Reviewing a recent book by an Australian scholar on Charles Dickens, the Swiss-American scholar, Michael Aeschliman, awarded high praise to Chesterton as “the greatest Dickens commentator”.
In his review published as “Dickens, Providence, and Us” (National Review, June 23, 2022), Aeschliman compares Chesterton’s judgment to that of the literary scholar, Jennifer Gribble, whose book, Dickens and the Bible (2020), focuses on Dickens’ understanding of Providence and the “meaning of life”.
Aeschliman describes the modern intellectual atmosphere in which this book will be read – conditioned by the perspectives of a postmodernist culture which exalts individual fulfilment and complacency. He points out that, like Chesterton, “Gribble sees Dickens not as any kind of smug, confident, philistine, masculinist Victorian, nor as a merely superficial, sentimental, dated entertainer, but precisely as the most thorough and wise critic of these self-interested and self-flattering perspectives — and thus, here and now, as an imaginative resource for self-knowledge and the future.”
Aeschliman acknowledges that Gribble’s book does not make easy reading. But he admires its readiness to take in the larger picture, and reflect on its implications and directions.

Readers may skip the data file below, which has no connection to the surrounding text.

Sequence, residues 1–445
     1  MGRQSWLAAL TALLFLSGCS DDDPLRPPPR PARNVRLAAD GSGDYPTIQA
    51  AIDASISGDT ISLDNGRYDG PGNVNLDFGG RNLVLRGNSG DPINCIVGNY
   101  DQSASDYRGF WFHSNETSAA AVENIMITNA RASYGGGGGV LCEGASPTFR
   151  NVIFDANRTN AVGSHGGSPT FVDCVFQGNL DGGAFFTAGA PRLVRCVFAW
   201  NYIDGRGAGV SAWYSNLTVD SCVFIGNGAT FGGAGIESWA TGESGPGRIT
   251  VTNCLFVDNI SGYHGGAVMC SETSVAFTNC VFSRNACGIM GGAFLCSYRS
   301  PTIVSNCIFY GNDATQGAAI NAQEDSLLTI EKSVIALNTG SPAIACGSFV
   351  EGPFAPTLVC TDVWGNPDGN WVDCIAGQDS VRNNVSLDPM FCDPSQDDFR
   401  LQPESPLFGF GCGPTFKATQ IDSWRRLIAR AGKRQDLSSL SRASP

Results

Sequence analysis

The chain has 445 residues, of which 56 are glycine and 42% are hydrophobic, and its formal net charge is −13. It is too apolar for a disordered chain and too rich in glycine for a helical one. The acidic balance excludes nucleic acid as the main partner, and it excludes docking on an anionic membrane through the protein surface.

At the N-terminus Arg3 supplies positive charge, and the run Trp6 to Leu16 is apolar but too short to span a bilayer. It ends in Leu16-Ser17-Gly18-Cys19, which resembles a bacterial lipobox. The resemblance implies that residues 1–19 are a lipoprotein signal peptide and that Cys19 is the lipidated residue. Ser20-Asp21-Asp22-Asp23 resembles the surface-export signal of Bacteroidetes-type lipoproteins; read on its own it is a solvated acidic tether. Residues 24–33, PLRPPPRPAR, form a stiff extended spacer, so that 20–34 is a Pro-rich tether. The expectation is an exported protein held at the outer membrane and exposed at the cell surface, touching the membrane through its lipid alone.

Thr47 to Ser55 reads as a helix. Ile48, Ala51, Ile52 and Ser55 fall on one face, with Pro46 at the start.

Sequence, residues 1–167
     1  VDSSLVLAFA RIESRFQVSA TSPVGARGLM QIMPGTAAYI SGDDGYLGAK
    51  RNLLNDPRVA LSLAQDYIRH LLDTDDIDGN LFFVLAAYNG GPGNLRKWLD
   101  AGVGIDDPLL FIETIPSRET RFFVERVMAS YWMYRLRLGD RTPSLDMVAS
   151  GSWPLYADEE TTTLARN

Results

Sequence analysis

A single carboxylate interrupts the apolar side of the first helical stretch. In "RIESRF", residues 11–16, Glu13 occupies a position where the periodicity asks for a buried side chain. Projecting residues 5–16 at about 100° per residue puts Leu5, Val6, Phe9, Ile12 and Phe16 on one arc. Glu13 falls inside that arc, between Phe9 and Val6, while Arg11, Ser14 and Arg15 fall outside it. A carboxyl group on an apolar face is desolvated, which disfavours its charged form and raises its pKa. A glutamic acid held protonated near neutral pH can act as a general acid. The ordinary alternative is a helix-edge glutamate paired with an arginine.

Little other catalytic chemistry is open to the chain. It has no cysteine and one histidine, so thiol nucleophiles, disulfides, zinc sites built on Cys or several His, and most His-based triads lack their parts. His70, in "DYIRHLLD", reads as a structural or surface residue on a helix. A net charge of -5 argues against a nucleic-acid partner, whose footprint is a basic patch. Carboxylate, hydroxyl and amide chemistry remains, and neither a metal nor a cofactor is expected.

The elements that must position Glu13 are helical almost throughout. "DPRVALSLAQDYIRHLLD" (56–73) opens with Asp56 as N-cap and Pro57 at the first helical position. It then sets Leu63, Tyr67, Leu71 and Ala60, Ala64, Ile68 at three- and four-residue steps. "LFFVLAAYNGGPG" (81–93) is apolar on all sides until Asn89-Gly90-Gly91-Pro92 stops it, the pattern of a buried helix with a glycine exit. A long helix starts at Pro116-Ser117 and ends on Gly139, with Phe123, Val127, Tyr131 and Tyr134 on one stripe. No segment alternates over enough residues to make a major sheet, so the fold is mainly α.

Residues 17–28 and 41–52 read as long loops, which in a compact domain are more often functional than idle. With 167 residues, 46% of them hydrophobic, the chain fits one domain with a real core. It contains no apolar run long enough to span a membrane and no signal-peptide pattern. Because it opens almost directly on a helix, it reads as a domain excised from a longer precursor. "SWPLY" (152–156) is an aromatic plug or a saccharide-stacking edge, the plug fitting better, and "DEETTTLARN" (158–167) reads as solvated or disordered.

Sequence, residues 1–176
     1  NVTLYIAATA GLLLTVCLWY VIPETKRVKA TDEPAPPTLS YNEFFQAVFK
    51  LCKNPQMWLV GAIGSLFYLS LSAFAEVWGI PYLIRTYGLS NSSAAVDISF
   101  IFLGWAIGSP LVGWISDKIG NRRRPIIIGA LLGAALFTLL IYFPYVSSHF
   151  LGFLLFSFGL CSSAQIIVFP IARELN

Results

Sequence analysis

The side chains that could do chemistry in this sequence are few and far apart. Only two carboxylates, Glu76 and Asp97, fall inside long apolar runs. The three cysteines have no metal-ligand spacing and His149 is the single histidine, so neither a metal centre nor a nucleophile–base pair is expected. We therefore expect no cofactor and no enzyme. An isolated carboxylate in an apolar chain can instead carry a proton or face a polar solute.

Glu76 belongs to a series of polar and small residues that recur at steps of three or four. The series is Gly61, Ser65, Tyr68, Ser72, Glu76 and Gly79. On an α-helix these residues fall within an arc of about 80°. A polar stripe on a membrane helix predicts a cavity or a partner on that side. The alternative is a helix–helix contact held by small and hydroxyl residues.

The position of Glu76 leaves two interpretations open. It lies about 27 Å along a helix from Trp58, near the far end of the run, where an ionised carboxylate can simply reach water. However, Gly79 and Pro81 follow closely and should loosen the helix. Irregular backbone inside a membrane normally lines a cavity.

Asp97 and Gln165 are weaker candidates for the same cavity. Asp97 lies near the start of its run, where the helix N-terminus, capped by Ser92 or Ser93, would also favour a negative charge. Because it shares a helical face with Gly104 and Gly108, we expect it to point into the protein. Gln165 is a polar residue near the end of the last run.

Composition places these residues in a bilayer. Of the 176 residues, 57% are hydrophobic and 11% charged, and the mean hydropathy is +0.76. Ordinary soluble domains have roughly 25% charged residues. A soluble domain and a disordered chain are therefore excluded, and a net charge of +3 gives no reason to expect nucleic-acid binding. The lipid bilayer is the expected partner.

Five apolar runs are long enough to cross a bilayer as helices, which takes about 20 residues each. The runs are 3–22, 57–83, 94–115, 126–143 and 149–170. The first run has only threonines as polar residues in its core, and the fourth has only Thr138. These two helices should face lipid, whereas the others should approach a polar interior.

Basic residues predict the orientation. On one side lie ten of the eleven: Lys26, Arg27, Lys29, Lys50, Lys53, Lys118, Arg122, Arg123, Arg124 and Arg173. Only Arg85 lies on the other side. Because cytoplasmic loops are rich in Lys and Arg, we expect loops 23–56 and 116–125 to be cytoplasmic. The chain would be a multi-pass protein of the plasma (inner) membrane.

Noting Chesterton’s influence, Aeschliman comments:
“High-modernist writers and literary critics in the wake of Dickens often resented and ridiculed his influence, sometimes enviously. Against this resentment, Chesterton’s 1906 and 1911 books (the latter consisting of his introductions to the Everyman editions of Dickens’s novels) were a lonely, salutary challenge, defending the popularity that Dickens had and has never lost with ‘common readers’ throughout the English-speaking world.”
Aeschliman notes Gribble’s emphasis on Dickens’ deep knowledge of the Bible. “The New Testament,” she states, “was the heart of his moral imagination.” But, as Aeschliman comments, “she is aware of ‘post-modernism’s repression of the Bible’ . . . and of the secularizing machinery of public culture and institutions,” so that it is blind, not only to the Bible itself but to its fruits in Dante and Milton, and its expressions in primers and hymns, which have been the main means by which literacy became universal in the West.
As Aeschliman concludes:
“In what the French polymath Jacques Ellul calls “the humiliation of the Word,” our ideal seems to be literacy without ethics, functional rationality without morality, knowledge without conscience. The Bible, Shakespeare, and Dickens are our great antidotes and ripostes to this cultural amnesia.”